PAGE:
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A Season of Sunsets Over the Salish Sea — Part 1

Updated: Jun 30, 2021

Living within a few minutes drive to the Salish Sea, repeat visits to the same beach enable us to experience the endless combinations of colors, clouds, and tides.

Between high and low tide in summer, shortly after a red sun dropped below the horizon, a thin band of stratus clouds picks up the magenta color as the sea reflects the blue of the sky above. Looking west towards Pt. Roberts and the San Juan Islands. Photo: © Donald J. Rommes

A couple of years ago, Nancy and I moved to the furthest northwest corner of the United States. Bordered to the north and south by two bays, it is a short drive on the narrow peninsula between them to the Salish Sea. As it has for so many others in the last eight months, our travel has been severely limited by the pandemic, so we return frequently to the nearby coast to walk and photograph.

Later summer in this area sees little rain. The clouds at that time of year—if there are any—are not especially photogenic. With the arrival of fall. there's a more interesting mix of clouds and sun. By winter, heavy cloud cover is the rule and the sun rarely makes an appearance. While it is always good to walk along the coast, photography is best in the fall and winter months.

Late summer, looking west. The islands normally visible from here are obscured by haze from the smoke of huge wildfires in Oregon and California. Wisps of darker smoke, resembling smudges on the photo, are visible in the upper right. Photo : © Donald J. Rommes

We look at the tide tables. of course, to know what to expect. The sea floor is gently sloped in the area, so the water remains quite shallow for a distance. With the larger tides, a couple hundred yards of sandy bottom are revealed and concealed.

I have a preference for low tide at sunset, when the sandy seafloor is uncovered and regular ripples are formed by the stepwise retreat of the water. It is also a time where large pools of water can reflect the colors of the sunset sky.

Nancy prefers higher tides and a cleaner foreground.

During low tide, the undulating topography of the sandy seafloor mimics the lapping tide-driven waves that created them. Ridges are rendered golden by the setting sun while the water-filled troughs reflect the bluish early evening sky. Photo: © Donald J. Rommes

In the summer of last year, hundreds of wildfires in British Columbia created a pall of smoke that dirtied our skies for more than a month. This year, the disastrous wildfires of California and Oregon have sullied the skies and cast an orange light on the sea and the landscape.

Air quality was very bad and people were advised to stay indoors on the worst days. But the summer sunsets were more colorful than usual.

Smoke from wildfires in California and Oregon sullied our air this summer, filtering the sunlight and casting everything in orange-brown light. In this photograph, the normally-visible islands to the west are obscured by the haze, the sun is veiled, and even the ocean seems viscous. Photo: © Donald J. Rommes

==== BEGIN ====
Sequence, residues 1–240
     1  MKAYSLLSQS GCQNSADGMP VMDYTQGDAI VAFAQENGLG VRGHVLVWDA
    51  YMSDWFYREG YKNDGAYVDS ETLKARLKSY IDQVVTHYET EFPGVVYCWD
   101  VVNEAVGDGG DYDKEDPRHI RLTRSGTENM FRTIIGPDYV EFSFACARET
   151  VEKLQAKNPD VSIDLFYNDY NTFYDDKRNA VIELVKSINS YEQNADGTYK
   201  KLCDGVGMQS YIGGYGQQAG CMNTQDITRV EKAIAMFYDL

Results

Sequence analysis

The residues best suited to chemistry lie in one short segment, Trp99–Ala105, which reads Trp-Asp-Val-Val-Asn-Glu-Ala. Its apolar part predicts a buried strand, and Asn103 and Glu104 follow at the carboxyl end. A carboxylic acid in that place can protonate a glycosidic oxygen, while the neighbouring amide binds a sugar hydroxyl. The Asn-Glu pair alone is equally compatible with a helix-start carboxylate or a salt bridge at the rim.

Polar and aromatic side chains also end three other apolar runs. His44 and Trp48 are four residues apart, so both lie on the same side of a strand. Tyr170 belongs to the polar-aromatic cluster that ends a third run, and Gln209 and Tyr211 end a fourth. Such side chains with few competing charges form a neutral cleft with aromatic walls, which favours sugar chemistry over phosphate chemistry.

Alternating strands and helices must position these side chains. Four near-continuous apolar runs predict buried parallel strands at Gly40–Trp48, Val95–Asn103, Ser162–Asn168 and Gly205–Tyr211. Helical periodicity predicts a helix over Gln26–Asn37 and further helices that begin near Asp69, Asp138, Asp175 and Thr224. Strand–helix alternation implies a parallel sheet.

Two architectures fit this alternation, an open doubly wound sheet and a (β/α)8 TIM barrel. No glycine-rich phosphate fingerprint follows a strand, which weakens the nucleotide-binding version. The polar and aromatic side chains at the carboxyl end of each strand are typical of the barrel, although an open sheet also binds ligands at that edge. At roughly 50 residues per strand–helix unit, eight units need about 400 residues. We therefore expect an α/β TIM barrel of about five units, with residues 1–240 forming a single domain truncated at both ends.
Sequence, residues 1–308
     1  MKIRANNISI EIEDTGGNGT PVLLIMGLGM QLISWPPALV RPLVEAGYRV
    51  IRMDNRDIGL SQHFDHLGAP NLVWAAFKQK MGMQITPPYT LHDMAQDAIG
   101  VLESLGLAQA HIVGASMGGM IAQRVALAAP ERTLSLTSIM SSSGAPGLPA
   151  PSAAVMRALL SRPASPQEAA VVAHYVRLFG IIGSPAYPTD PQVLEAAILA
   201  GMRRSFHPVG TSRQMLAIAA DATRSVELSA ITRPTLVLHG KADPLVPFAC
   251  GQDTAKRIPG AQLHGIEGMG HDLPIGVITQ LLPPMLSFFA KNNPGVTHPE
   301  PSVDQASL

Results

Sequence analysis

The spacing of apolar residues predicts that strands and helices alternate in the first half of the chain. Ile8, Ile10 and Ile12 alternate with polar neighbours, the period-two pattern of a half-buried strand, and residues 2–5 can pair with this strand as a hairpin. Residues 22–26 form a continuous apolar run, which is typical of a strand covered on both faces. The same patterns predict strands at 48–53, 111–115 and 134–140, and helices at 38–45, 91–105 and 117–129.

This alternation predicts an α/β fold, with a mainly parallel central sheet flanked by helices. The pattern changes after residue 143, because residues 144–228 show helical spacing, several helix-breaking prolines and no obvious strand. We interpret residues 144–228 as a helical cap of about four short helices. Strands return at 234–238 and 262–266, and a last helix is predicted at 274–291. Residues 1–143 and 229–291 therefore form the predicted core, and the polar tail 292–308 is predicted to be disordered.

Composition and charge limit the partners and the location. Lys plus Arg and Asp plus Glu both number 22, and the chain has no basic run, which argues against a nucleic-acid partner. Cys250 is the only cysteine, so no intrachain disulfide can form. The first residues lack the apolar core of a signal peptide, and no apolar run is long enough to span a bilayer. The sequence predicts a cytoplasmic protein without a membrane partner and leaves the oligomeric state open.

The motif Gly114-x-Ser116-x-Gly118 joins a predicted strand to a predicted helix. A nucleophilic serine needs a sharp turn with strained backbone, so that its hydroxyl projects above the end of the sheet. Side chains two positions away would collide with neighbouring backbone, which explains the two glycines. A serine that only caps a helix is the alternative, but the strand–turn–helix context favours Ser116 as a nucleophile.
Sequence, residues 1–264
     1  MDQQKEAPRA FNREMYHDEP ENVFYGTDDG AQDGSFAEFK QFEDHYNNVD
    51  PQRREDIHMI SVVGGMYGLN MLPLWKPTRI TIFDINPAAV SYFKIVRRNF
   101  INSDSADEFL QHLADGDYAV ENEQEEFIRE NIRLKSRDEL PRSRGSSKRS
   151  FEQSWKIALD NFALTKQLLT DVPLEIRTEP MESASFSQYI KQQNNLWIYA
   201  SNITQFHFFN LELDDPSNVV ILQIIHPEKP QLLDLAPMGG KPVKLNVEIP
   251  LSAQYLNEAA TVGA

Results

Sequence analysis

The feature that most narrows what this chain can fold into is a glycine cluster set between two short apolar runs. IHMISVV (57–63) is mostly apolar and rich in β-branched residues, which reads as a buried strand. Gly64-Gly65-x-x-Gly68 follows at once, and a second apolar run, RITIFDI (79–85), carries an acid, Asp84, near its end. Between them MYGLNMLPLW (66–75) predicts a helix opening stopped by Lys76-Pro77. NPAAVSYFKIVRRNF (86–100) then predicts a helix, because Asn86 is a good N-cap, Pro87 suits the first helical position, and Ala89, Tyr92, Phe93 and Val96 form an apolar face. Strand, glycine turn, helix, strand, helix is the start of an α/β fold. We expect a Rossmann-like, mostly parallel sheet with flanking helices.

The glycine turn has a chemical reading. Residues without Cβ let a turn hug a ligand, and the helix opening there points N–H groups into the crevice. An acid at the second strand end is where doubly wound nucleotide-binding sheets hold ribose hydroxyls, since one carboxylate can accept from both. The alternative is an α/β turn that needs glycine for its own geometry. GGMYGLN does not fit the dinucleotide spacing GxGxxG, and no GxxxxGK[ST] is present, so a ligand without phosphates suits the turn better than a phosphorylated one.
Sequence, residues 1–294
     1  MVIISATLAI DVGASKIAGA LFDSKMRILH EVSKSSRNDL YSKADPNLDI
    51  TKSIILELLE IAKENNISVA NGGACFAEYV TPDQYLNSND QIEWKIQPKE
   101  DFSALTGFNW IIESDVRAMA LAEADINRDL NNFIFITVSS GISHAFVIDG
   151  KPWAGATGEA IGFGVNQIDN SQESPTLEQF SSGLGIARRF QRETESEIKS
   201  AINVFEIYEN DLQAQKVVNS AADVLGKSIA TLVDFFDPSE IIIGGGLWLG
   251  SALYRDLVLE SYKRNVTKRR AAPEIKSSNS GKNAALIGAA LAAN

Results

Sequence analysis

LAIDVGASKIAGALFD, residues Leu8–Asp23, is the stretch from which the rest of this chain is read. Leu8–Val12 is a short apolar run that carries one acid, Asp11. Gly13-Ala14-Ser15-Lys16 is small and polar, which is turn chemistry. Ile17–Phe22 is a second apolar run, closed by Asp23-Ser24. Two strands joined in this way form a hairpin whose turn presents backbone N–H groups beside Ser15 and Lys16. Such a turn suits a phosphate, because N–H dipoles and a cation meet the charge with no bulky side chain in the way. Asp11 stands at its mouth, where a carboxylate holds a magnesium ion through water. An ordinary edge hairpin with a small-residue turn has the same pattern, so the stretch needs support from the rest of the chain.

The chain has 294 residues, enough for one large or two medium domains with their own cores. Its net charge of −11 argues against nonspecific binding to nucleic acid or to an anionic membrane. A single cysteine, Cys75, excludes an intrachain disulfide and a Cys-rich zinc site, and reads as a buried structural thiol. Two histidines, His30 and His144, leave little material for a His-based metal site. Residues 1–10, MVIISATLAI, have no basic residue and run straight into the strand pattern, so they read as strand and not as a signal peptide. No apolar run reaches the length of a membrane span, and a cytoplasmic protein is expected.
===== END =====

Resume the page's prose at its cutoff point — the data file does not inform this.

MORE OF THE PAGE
Most scientists seem to think that the frequent and disastrous wildfires we have been experiencing in the West are one consequence of Global Warming—which itself is a consequence of human activity. Imperceptible on a day-to-day basis, climate change is noticeable over the course of a human lifetime—which is remarkably fast for a world-wide natural phenomenon.

Icecaps are melting, sea levels are rising, weather events are being amplified, and parts of the planet are being rendered uninhabitable for animals and humankind alike. Large-scale migrations are slowly underway as life searches for more hospitable dwelling places.

The earth is known to have undergone at least five great mass extinctions of life during its 5 billion-year history. Mass extinctions are those that result in the extinction of over 75% of all species. While these extinctions are abrupt from a geologic time perspective, they occurred over a timespan of tens of thousands of years or longer.

Many scientists are convinced that we are in the middle of the sixth great extinction. This event is linked to the expansion of humankind and recently from climate-change-related rising CO2 levels since the industrial revolution. This so-called sixth extinction event is happening at breakneck speed compared to past events. But from a human perspective, it is barely noticeable.

The bad news is that we are like frogs in a pot of water that is slowly being heated to boiling. We won't notice until it's too late. The good news is that we may be getting many more great sunsets in the future.

In late summer, a storm swept through the region, bringing rain and wind and carrying away the smoky air. This photograph shows the clearing storm from the vantage point of Birch Bay. Clicking the photo will take you to its location on our companion, commercial website—Iris Arts. Photo: © Donald J. Rommes



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